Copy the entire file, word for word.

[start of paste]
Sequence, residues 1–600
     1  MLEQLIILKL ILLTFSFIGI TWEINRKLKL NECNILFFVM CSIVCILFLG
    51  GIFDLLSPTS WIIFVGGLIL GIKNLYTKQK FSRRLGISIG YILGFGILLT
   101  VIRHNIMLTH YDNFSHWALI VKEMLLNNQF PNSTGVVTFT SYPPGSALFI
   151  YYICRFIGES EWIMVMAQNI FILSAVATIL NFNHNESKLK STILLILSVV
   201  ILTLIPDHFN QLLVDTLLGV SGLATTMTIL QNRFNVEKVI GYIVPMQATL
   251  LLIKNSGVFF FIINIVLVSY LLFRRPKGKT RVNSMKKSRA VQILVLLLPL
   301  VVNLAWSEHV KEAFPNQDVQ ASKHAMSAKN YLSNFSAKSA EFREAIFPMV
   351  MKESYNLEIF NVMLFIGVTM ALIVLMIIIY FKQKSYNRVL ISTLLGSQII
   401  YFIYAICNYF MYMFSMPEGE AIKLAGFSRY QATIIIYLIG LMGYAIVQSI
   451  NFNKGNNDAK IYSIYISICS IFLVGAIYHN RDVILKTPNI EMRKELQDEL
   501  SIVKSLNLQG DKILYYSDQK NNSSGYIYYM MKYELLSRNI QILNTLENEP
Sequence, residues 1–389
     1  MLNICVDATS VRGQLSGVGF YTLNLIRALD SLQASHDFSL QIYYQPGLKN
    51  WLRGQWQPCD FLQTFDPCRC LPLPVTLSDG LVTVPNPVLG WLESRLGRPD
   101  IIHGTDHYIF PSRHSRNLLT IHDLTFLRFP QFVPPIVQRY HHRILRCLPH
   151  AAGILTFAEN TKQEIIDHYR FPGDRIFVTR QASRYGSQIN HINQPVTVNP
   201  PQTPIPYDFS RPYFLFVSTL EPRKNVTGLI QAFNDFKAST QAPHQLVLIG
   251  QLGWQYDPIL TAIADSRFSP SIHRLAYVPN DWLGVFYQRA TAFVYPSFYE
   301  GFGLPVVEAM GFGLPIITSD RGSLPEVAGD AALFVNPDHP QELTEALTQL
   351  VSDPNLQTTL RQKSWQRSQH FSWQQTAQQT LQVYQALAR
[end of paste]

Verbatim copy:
Sequence, residues 1–600
     1  MLEQLIILKL ILLTFSFIGI TWEINRKLKL NECNILFFVM CSIVCILFLG
    51  GIFDLLSPTS WIIFVGGLIL GIKNLYTKQK FSRRLGISIG YILGFGILLT
   101  VIRHNIMLTH YDNFSHWALI VKEMLLNNQF PNSTGVVTFT SYPPGSALFI
   151  YYICRFIGES EWIMVMAQNI FILSAVATIL NFNHNESKLK STILLILSVV
   201  ILTLIPDHFN QLLVDTLLGV SGLATTMTIL QNRFNVEKVI GYIVPMQATL
   251  LLIKNSGVFF FIINIVLVSY LLFRRPKGKT RVNSMKKSRA VQILVLLLPL
   301  VVNLAWSEHV KEAFPNQDVQ ASKHAMSAKN YLSNFSAKSA EFREAIFPMV
   351  MKESYNLEIF NVMLFIGVTM ALIVLMIIIY FKQKSYNRVL ISTLLGSQII
   401  YFIYAICNYF MYMFSMPEGE AIKLAGFSRY QATIIIYLIG LMGYAIVQSI
   451  NFNKGNNDAK IYSIYISICS IFLVGAIYHN RDVILKTPNI EMRKELQDEL
   501  SIVKSLNLQG DKILYYSDQK NNSSGYIYYM MKYELLSRNI QILNTLENEP
Sequence, residues 1–389
     1  MLNICVDATS VRGQLSGVGF YTLNLIRALD SLQASHDFSL QIYYQPGLKN
    51  WLRGQWQPCD FLQTFDPCRC LPLPVTLSDG LVTVPNPVLG WLESRLGRPD
   101  IIHGTDHYIF PSRHSRNLLT IHDLTFLRFP QFVPPIVQRY HHRILRCLPH
   151  AAGILTFAEN TKQEIIDHYR FPGDRIFVTR QASRYGSQIN HINQPVTVNP
   201  PQTPIPYDFS RPYFLFVSTL EPRKNVTGLI QAFNDFKAST QAPHQLVLIG
   251  QLGWQYDPIL TAIADSRFSP SIHRLAYVPN DWLGVFYQRA TAFVYPSFYE
   301  GFGLPVVEAM GFGLPIITSD RGSLPEVAGD AALFVNPDHP QELTEALTQL
   351  VSDPNLQTTL RQKSWQRSQH FSWQQTAQQT LQVYQALAR